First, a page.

Can Liverpool really rely on Sakho and Lovren?
Pitchforks down please. This isn’t about whether Sakho and Lovren are good enough for Liverpool. It’s about their durability.
Liverpool may find themselves in many predicaments this summer but one that’s been overlooked due to more pressing issues is the Dejan Lovren and Mamadou Sakho conundrum. Both players divide opinion amongst Liverpool fans but this time the debate isn’t with regards to talent. Many can make an argument for and against the Frenchman starting over the Croat and vice versa. This time it’s about reliability.
A successful defence needs continuity. The defence needs familiarity to really form a partnership. Look at the likes of Gerard Pique and Carles Puyol, Liverpool’s very own Jamie Carragher and Sami Hyypia and Juventus’ Georgio Chiellini, Leonardo Bonucci and Andrea Barzaghli. You need foundations to build around and if a club is forever chopping and changing due to injuries the understanding between defence and the ‘keeper won’t be there and because of this the team will suffer.
A prime example of this from the current season is Manchester City. At the start of the season with Vincent Kompany in the heart of their defence they racked up five successive clean sheets. Injuries to both the aforementioned Kompany and Eliaquim Mangala meant their defence went from a solid dam to a flowing river. Mangala may have his critics as an individual but as part of the partnership alongside Kompany he was doing the job early on in the season.
A solid defence would by no means solve the Mignolet’s ongoing crisis of confidence but you’d imagine it would help.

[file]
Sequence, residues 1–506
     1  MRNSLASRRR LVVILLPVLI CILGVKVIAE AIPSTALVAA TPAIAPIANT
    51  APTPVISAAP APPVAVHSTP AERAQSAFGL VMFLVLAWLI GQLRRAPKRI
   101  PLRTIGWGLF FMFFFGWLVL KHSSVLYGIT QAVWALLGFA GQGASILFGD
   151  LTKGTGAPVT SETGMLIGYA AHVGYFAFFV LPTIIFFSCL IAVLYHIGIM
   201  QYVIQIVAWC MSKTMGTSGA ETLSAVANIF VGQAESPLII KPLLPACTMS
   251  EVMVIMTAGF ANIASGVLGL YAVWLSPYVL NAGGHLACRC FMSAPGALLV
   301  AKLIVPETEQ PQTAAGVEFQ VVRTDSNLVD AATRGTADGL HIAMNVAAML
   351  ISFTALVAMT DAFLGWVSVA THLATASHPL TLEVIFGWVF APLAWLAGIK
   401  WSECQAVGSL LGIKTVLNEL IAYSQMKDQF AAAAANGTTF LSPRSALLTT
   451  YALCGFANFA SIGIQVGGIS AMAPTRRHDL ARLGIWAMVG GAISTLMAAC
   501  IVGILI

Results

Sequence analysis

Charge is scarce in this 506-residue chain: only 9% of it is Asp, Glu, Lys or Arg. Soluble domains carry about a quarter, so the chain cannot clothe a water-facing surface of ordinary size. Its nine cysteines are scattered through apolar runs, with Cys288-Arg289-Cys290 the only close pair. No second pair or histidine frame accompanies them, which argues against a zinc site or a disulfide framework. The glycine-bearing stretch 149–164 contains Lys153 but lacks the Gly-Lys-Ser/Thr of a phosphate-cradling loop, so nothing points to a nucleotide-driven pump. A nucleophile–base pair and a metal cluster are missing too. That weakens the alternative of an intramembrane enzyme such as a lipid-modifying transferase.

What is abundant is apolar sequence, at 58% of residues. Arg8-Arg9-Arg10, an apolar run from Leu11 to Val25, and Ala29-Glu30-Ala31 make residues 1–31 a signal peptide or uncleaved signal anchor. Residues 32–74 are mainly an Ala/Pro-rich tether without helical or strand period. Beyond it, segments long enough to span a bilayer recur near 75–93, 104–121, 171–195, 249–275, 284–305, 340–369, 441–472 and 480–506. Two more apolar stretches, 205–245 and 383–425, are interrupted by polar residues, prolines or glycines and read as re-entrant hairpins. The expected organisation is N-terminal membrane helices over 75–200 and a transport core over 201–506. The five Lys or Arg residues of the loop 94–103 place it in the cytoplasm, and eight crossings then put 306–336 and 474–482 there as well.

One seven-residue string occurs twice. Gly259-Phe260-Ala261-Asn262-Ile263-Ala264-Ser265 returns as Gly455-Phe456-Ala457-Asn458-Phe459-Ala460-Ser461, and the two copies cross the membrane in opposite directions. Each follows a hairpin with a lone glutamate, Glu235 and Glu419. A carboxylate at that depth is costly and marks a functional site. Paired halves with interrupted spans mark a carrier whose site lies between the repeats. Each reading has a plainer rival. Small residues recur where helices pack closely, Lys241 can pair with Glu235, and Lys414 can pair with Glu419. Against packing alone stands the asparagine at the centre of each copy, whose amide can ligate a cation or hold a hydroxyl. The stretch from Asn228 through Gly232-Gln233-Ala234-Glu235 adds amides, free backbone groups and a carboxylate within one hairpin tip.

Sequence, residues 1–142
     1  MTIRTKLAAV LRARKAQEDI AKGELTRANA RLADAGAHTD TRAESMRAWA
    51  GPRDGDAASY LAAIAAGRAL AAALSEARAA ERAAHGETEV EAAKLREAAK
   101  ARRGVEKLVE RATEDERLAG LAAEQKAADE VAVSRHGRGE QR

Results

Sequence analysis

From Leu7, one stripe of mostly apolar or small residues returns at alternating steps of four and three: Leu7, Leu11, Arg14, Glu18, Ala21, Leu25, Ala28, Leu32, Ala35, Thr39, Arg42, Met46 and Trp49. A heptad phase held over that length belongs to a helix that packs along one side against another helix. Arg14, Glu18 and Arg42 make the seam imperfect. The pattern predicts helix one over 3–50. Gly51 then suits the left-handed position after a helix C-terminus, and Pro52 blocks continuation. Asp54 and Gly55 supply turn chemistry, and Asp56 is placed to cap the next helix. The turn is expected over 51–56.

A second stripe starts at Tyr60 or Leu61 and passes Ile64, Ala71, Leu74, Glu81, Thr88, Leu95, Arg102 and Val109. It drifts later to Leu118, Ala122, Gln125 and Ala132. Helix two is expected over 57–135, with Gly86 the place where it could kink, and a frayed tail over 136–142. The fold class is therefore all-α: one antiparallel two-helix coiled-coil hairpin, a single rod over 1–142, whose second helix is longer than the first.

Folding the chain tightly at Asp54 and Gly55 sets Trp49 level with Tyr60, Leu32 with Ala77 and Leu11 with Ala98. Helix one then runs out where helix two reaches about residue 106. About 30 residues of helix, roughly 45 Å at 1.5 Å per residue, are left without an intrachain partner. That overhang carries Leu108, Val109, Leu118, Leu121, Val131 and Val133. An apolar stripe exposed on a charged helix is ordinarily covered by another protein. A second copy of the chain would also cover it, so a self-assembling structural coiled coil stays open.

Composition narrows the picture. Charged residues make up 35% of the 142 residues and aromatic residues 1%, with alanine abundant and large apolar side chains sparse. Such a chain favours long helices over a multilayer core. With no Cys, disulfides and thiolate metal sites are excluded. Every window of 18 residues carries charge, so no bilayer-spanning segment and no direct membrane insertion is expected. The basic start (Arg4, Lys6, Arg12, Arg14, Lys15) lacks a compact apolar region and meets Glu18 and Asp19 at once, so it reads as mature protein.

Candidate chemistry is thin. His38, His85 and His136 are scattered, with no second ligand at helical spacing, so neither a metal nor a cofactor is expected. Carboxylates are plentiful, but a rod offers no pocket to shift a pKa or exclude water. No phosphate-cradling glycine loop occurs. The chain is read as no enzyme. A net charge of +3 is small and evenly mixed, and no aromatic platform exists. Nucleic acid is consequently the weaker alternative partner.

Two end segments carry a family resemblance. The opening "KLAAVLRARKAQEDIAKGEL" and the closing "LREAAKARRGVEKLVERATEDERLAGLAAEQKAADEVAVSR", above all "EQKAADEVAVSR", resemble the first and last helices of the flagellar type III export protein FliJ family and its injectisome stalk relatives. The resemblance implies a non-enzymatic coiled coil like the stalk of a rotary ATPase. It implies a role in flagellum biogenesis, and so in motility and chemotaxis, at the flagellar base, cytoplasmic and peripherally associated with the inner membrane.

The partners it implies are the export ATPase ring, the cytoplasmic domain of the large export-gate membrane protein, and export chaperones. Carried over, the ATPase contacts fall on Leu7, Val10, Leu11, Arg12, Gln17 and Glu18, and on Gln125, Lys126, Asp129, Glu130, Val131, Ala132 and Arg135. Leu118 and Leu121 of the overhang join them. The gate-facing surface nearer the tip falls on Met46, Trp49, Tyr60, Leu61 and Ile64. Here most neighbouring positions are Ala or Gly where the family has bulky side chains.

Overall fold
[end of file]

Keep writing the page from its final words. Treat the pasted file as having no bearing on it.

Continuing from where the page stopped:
Can Liverpool rely on Sakho and Lovren? Can they honestly build a defence around players that seem so unlucky with injuries? Liverpool seem to find a partnership with potential for three/four matches and then one of the centre-backs picks up an injury and the whole process has to start again.
More often than not it is Sakho that get’s branded with the injury prone tag. As soon as he picks up a knock there’s a section of fans ready and waiting with a branding iron eager to remind everyone he’s ‘injury prone’.
Sakho has been unfortunate with injuries, there’s no denying that, but it’s just bad luck. He rarely seems to have repeat injuries which would give more credibility to the injury prone status. The table above is from transfermrket.com and shows since signing for Liverpool in 2013/14 the centre-back has missed 241 days through injury which equates to 50 games for the Reds (Kompany has missed 46 games in this time) and because of this Lovren’s injury woes are forever ignored by many.
Since joining Southampton in 2013/14 the Croatian International has missed 113 days up to the 22/02/16, he’s still out injured with his latest injury so this number will increase. In two and a half seasons in England he’s missed 23 games, less than half of Sakho but the latter is an extreme case.
For added context here John Terry and Gary Cahill have missed a combined number of 31 games since the 2013/14 season and this includes a serious knee injury to the former which kept him out for 16 games.
Those two made were integral to Chelsea’s impressive defensive record under Jose Mourinho. They set up defensively but that understanding between Terry and Cahill can’t be ignored or overlooked. Liverpool currently lack this.
As things stand at Liverpool the left centre-back position is currently timeshared between the two because neither of them can stay fit long enough to make the role their own. Can Liverpool risk keeping both Lovren and Sakho for another season when both seem to pick up more injuries than they do yellow cards?
With Joel Matip already signed for the summer of 2016 is now the time to sign another centre-back to partner the current Schalke centre-back so a pairing is already in place for the 2016/17 season? Bedding in two new centre-backs from the off may throw up some initial teething issues to begin with but will it be as much of a set back as it would be having to settle Matip in alongside one of Sakho or Lovren before the inevitable injury occurs and a Matip has to then become acquainted with the fit centre-back at the time.